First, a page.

Upper Darby Summer Stage’s social media strategist and student at Friends’ Central School (FCS), Mikaela Uricheck ‘17, sat down to talk with Broadway composer and Friends’ Central alumnus, Benj Pasek ‘03.
Benj Pasek, who along with his collaborator, Justin Paul, has composed some of this generation’s most exciting musicals. The Tony and Emmy nominated duo have been behind hits like “A Christmas Story, The Musical,” “Dogfight,” “Edges,” and “Dear Evan Hansen,” which will open in December 2016 on Broadway, as well numerous songs for television and film. The pair also wrote “James and the Giant Peach, Jr.” which is running at Upper Darby Summer Stage this week.
How did you make the transition from performing in high school to composing?
When I got to college and began to spread my wings a bit and saw what other options were open to me. I took a lot of the tools that I was given at Friends’ Central and explored what else I could do that was beyond being an actor. When I got to college (University of Michigan), I met my amazing collaborator Justin Paul and we really hit it off!
“We realized that we liked creating songs more than we liked interpreting them. It was freeing for me to realize that the skills I learned as an actor were all essential in my work as a writer.”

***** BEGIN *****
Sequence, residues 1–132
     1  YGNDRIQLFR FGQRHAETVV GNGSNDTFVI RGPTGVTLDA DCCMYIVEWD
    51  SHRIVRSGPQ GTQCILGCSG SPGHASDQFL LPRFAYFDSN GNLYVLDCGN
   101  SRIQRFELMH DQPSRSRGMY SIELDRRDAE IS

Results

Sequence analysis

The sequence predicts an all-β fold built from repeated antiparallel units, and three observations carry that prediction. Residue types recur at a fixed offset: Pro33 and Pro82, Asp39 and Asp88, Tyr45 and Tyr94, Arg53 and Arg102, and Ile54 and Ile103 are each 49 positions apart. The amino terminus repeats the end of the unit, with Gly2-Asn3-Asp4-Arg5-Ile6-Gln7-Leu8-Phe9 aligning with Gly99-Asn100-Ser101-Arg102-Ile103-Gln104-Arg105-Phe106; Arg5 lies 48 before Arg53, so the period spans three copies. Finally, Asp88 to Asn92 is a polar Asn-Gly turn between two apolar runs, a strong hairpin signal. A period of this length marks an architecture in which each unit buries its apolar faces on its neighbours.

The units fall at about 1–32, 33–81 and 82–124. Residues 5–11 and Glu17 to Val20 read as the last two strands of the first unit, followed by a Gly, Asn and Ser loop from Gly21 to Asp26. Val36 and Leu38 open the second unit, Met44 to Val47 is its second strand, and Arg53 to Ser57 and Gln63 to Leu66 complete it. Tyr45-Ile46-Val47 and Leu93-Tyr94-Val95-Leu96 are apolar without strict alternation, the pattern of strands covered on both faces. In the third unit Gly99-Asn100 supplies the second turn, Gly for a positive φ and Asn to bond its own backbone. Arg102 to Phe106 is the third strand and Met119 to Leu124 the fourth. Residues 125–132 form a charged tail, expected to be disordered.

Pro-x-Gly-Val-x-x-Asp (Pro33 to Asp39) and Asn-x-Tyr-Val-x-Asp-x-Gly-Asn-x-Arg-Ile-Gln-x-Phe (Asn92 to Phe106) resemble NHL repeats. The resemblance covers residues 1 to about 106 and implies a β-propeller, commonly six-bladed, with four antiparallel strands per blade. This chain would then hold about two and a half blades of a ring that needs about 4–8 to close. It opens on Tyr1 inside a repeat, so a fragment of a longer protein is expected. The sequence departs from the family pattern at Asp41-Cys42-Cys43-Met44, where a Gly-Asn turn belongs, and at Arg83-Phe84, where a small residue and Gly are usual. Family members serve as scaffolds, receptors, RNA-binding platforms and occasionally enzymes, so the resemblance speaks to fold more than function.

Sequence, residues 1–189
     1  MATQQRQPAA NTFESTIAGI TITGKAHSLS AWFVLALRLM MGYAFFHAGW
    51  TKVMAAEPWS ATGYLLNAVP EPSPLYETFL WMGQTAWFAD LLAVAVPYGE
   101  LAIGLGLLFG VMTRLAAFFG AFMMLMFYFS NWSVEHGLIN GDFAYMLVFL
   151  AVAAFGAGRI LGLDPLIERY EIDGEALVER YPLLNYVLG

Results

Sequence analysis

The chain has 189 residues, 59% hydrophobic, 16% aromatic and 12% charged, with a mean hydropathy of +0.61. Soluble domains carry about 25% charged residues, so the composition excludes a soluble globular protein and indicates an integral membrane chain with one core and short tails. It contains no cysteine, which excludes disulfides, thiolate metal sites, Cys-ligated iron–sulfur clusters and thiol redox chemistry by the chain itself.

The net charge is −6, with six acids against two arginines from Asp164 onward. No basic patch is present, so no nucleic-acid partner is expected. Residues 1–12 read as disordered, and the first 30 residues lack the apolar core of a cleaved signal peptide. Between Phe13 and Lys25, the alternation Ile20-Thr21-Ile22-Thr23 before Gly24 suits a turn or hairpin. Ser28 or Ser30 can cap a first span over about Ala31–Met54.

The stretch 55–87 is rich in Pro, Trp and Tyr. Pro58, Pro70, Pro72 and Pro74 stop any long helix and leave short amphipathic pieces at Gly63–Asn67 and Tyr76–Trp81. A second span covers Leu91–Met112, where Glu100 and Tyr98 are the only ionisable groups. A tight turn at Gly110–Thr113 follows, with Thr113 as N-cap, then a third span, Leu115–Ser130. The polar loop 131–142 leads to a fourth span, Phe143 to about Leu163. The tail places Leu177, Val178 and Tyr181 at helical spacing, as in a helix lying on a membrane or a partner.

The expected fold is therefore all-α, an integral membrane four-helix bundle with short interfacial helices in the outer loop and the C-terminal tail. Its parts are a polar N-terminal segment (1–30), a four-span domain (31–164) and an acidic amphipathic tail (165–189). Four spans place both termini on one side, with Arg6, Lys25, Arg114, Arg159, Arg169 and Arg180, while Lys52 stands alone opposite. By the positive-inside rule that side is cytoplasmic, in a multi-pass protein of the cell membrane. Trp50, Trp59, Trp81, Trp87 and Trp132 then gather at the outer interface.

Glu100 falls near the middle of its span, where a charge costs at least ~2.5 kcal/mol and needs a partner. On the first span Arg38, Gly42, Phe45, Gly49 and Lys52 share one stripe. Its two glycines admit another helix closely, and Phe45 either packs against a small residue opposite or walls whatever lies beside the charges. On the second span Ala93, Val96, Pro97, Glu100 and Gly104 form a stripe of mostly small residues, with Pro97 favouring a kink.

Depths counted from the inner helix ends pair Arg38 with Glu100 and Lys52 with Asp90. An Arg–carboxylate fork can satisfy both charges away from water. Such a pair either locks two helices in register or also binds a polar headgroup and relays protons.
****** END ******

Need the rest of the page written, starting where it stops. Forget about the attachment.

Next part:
There are so many ways to work in this industry. Personally, it was more exciting to be able to create things. I’m so glad I was encouraged by other people to explore what I could do within this world that I love so much.
Where do you and Justin find the inspiration for the musicals you pursue?
I think it’s whatever sets off the spark in you. Part of it is identifying source material that will work. Some things are adaptations – you think maybe I can turn this into something that would work as a musical on stage. The flip side of that is original ideas, which can be exciting.
The source material for “James and the Giant Peach” was so fantastical and therefore it gave permission to live in a musical realm in a really easy way.
If there’s an Earthworm, why can’t he break into song? If there’s a giant peach, that song could be a Latin number, a traditional musical theatre number or a jazz number. There are no rules because of the world Roald Dahl set up.
How do you end up getting into the minds of the characters in your shows, such as a child like James?
I think every artist has a different process. For me and Justin our acting training plays a big part in the way we approach writing. I would say specifically for James we approached it from an acting standpoint more than anything else, because James is so full of joy and the characters are so quirky. We would act out big portions of the show, walk around and improv. We always try to come from within the character. How would they speak, walk and talk?
“When we acted it out those were the bits that became the kernels that we would turn into song.”
Your shows are known to connect with people on an emotional level. What’s it like to know that people react to your and Justin’s music in this way?